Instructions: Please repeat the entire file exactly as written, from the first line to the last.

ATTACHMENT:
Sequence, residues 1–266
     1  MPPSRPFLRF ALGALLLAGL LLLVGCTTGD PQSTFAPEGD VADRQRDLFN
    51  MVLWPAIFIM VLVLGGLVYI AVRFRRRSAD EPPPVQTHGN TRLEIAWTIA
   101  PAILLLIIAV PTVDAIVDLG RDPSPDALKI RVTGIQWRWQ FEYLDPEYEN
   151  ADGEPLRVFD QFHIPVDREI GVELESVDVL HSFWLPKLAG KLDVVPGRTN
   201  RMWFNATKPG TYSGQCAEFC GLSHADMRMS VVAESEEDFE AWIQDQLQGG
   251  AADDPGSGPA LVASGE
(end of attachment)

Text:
Sequence, residues 1–266
     1  MPPSRPFLRF ALGALLLAGL LLLVGCTTGD PQSTFAPEGD VADRQRDLFN
    51  MVLWPAIFIM VLVLGGLVYI AVRFRRRSAD EPPPVQTHGN TRLEIAWTIA
   101  PAILLLIIAV PTVDAIVDLG RDPSPDALKI RVTGIQWRWQ FEYLDPEYEN
   151  ADGEPLRVFD QFHIPVDREI GVELESVDVL HSFWLPKLAG KLDVVPGRTN
   201  RMWFNATKPG TYSGQCAEFC GLSHADMRMS VVAESEEDFE AWIQDQLQGG
   251  AADDPGSGPA LVASGE